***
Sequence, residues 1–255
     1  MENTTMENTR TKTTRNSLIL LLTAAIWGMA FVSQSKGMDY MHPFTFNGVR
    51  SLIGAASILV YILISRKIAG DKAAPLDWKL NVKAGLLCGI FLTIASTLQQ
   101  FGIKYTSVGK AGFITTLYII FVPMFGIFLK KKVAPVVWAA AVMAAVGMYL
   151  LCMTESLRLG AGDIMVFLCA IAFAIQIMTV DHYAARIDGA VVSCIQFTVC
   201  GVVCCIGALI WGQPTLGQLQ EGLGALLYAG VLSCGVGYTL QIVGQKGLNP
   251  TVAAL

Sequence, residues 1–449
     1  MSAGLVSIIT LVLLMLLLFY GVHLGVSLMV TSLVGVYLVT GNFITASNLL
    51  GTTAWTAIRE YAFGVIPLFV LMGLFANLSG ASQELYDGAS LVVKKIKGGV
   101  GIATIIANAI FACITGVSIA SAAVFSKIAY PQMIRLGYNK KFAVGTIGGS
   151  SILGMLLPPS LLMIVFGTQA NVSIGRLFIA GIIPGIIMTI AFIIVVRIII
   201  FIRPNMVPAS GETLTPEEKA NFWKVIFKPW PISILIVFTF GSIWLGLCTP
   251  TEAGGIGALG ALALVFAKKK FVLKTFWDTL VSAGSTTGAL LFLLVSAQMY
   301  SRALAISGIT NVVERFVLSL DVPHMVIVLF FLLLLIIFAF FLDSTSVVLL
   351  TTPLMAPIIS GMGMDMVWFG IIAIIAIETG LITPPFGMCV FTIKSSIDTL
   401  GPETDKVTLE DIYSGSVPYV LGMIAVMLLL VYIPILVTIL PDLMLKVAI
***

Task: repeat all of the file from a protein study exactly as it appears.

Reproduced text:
Sequence, residues 1–255
     1  MENTTMENTR TKTTRNSLIL LLTAAIWGMA FVSQSKGMDY MHPFTFNGVR
    51  SLIGAASILV YILISRKIAG DKAAPLDWKL NVKAGLLCGI FLTIASTLQQ
   101  FGIKYTSVGK AGFITTLYII FVPMFGIFLK KKVAPVVWAA AVMAAVGMYL
   151  LCMTESLRLG AGDIMVFLCA IAFAIQIMTV DHYAARIDGA VVSCIQFTVC
   201  GVVCCIGALI WGQPTLGQLQ EGLGALLYAG VLSCGVGYTL QIVGQKGLNP
   251  TVAAL

Sequence, residues 1–449
     1  MSAGLVSIIT LVLLMLLLFY GVHLGVSLMV TSLVGVYLVT GNFITASNLL
    51  GTTAWTAIRE YAFGVIPLFV LMGLFANLSG ASQELYDGAS LVVKKIKGGV
   101  GIATIIANAI FACITGVSIA SAAVFSKIAY PQMIRLGYNK KFAVGTIGGS
   151  SILGMLLPPS LLMIVFGTQA NVSIGRLFIA GIIPGIIMTI AFIIVVRIII
   201  FIRPNMVPAS GETLTPEEKA NFWKVIFKPW PISILIVFTF GSIWLGLCTP
   251  TEAGGIGALG ALALVFAKKK FVLKTFWDTL VSAGSTTGAL LFLLVSAQMY
   301  SRALAISGIT NVVERFVLSL DVPHMVIVLF FLLLLIIFAF FLDSTSVVLL
   351  TTPLMAPIIS GMGMDMVWFG IIAIIAIETG LITPPFGMCV FTIKSSIDTL
   401  GPETDKVTLE DIYSGSVPYV LGMIAVMLLL VYIPILVTIL PDLMLKVAI